With all the chatter coming from Redmond about the new storage features in Windows Server 2012, you might get the impression that RAID is dead. If that's true, what will you do with all the storage you already have configured with some version of RAID?
I put the question of the future of hardware RAID to the Microsoft Windows Storage team and got this response through the PR agency:
Windows 8 and Windows Server 2012 platforms fully enable 3rd party (hardware and software) RAID implementations. The Windows platform remains the premier platform enabling 3rd party value-added storage solutions and, therefore, will continue to support such RAID implementations. In fact, Windows Server 2012 includes new support for offloaded data transfers (ODX) with external storage arrays and for a new class of clusterable hardware RAID controllers.
Beginning with Windows 8 and Windows Server 2012, Windows delivers storage virtualization capabilities directly within the Windows software platform, including resiliency to storage component failures. This new platform storage stack includes innovations such as Storage Spaces and ReFS, and this platform will continue to evolve in future releases.
So how do you decide between RAID and JBOD for your new storage? The answer may lie in several places. If you're planning on a clustered configuration with Windows Server 2012 managing the storage, you'll want to go with JBOD and dual-ported SAS. This type of approach will give you maximum flexibility to architect a system that can implement all the new Windows Server 2012 storage features. You will want to check with the manufacturer of your hardware if you plan on repurposing storage configured for JBOD.
If you want to take advantage of new features like offloaded data transfers, you'll have to go with a NAS or SAN solution with support for ODX. For workloads where you copy a lot of files, like creating new virtual machines from a baseline image, ODX offers the opportunity for huge performance gains. Most of the major storage vendors either support ODX now or have announced plans to support it.
If you're implementing standalone servers with local-attached storage, you definitely want to look at implementing Storage Spaces and ReFS. These two together make the most sense for a departmental or branch office server where everything is inside a single server box. It gives you the most bang for the buck in terms of implementing the key Windows Server 2012 storage features, and it should work on most servers that were purchased in the last few years.
New hardware purchases should be approached with an eye toward these different scenarios. If you plan on building clusterable systems, you definitely want to look at SAS-based storage. The lower cost of building a highly available, highly scalable file system using commodity hardware and Windows Server 2012 should make the big storage vendors nervous. It could also be a boon to the vendors of key building blocks such as dual-port SAS controllers, 10 GBe network cards and switches, and even Fibre Channel adapters.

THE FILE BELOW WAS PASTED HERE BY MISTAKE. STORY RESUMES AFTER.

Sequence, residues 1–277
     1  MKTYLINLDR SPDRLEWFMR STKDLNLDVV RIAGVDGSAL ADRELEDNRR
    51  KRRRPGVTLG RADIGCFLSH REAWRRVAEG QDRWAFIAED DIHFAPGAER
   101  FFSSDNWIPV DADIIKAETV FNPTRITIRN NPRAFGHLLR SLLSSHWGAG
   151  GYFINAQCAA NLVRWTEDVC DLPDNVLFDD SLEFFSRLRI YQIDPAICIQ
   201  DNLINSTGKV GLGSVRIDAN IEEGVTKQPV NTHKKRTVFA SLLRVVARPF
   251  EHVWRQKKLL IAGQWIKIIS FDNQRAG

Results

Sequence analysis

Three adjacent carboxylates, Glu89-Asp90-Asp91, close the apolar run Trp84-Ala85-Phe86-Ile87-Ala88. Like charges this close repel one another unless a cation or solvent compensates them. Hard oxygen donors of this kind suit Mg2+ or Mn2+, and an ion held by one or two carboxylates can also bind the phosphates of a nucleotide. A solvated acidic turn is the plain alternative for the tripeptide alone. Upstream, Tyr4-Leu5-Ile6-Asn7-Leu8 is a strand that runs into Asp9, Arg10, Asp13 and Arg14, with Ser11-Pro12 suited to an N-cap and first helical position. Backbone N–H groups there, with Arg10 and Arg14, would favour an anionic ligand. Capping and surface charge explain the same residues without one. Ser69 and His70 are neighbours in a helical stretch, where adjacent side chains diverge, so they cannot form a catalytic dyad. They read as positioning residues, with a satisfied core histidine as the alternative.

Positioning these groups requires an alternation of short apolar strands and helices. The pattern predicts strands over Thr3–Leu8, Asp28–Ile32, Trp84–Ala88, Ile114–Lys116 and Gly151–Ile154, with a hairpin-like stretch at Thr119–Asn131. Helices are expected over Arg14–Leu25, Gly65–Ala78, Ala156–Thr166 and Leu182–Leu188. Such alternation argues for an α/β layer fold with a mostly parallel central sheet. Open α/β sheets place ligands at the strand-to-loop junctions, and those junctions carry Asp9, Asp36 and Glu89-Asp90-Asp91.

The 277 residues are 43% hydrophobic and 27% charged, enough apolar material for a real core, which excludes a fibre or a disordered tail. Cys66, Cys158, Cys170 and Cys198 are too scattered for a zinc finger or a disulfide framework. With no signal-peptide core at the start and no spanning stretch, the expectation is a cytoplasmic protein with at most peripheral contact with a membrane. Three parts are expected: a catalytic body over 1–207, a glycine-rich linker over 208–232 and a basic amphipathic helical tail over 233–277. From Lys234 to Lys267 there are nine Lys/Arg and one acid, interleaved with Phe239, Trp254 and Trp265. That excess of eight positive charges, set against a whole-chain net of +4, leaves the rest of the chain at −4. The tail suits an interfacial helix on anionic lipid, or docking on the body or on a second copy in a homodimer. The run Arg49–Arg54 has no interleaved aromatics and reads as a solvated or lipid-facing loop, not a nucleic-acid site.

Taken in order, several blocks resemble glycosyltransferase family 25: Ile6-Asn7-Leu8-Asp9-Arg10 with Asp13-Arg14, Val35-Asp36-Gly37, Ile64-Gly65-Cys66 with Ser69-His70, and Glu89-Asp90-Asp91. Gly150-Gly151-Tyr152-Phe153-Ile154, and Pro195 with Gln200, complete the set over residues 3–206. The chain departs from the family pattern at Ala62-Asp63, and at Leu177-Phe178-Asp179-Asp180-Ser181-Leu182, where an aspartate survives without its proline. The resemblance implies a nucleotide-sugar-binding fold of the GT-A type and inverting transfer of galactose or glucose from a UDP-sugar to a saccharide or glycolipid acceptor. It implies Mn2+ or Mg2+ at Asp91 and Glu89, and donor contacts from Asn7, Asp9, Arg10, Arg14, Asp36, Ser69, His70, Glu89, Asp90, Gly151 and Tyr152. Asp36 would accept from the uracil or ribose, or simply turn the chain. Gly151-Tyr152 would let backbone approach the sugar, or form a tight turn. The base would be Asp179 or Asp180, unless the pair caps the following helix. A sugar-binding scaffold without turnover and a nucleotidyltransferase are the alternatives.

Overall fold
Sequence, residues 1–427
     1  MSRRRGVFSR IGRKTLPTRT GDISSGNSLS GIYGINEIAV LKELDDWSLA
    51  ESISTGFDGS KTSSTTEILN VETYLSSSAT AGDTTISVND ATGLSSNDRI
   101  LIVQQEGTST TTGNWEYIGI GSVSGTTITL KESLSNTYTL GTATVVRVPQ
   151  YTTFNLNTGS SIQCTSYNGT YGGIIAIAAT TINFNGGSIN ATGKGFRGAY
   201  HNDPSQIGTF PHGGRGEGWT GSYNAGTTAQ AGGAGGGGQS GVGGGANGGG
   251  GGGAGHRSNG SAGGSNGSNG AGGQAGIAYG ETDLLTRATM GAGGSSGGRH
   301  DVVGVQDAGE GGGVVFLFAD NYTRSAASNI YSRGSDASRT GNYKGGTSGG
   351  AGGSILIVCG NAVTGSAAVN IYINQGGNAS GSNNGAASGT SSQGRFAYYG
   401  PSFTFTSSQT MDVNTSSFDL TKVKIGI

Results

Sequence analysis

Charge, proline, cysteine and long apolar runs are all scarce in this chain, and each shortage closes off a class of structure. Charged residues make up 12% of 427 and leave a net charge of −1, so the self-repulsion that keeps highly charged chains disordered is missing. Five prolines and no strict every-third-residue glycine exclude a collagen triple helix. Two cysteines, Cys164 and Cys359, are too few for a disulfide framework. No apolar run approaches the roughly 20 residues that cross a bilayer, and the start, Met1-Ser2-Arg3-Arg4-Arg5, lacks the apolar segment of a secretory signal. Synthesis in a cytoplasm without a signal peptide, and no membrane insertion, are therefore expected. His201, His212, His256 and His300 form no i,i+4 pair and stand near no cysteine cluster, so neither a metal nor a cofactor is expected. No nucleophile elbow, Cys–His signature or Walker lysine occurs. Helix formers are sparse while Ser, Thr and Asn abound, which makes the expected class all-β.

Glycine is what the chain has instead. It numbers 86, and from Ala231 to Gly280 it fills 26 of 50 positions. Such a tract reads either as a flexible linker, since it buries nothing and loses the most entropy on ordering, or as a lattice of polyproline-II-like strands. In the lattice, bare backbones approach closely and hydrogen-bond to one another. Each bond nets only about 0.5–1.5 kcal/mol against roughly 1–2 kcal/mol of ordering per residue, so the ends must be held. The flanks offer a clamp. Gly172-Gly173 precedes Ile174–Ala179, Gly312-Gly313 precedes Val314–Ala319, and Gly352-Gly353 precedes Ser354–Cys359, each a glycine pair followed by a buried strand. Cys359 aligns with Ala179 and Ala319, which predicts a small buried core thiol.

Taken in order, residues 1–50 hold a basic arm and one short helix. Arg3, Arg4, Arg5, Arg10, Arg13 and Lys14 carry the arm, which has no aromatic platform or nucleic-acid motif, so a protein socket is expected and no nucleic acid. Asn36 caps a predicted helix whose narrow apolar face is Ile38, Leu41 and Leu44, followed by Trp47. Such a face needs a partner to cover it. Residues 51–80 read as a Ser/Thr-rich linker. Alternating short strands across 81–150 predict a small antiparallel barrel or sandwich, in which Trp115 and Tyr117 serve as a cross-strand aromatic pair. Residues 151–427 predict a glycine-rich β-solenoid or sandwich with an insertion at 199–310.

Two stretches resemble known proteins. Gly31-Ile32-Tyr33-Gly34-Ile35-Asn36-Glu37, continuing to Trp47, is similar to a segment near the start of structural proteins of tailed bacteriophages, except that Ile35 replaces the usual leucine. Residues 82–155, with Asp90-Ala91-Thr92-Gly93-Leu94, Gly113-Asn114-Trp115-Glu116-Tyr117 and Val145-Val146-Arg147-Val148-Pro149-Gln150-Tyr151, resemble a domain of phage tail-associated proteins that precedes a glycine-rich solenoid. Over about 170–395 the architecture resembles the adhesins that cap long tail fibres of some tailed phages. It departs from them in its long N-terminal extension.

The bottom line is that you have a lot of options. The rumors of RAID's untimely death are definitely premature. Don't be surprised if RAID hangs around for the foreseeable future.
The only thing dead about RAID is the marketing around it, or lack of, or the de-emphasis as it has hit the proverbal pleateau of productivity (for customers/users) and profitability for vendors. RAID extends all the way into consumer products including some DVRs and home appliances and continues to evolve.
However as others have indicated, its more about options, extensibility and what works best for a given situation.
tinym - Yes and a friend of mine sold 2 terra bite solution to a government customer. He had a picture of him standing in front of the racks and racks of equipment that it took to put this together. And he was holding his commission check that would have paid for a nice car. In today's market like so many technologies it becomes commoditized. What I see MS doing is creating an embedded tool that is disruptive to create a developer business more that end user business.
It sure seems the issue of storage is getting more complicated by the day. Or is it just me ? But I am glad to hear RAID will stick around for awhile longer, still trying to remember by heart which is the best configuration ! : )
I think the core backups of critical data that changes on the fly are where we want to stick with something that has been working for a while, has proven efficiency and we have people who actually know a bit about the quirks of whatever we use. I am glad that MS has been foresightfull on this issue. It would be nice if we caould all afford to post our data to a mobile backup for a weekend and move all new equipment in, but even if we could there are people who use all this to consider. Even a genius can only manage a finite limit of changes simultaneously, and I know places where the real big brains (scientific think tanks) do not want any grains of sand moved in their sandbox. The more different jobs your people do the more stable any IT environment must be. Besides, whatever happend to "Don't fix what ain't broke?
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